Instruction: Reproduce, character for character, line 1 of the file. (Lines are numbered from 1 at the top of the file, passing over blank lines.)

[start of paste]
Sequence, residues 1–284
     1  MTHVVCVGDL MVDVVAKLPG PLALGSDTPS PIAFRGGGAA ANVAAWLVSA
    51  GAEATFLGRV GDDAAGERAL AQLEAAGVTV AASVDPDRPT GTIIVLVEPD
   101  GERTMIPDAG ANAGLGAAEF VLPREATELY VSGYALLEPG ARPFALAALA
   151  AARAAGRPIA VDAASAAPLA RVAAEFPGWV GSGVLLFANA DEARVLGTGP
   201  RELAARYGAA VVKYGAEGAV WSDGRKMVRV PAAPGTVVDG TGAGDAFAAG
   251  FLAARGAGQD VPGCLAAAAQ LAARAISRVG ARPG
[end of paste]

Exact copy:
Sequence, residues 1–284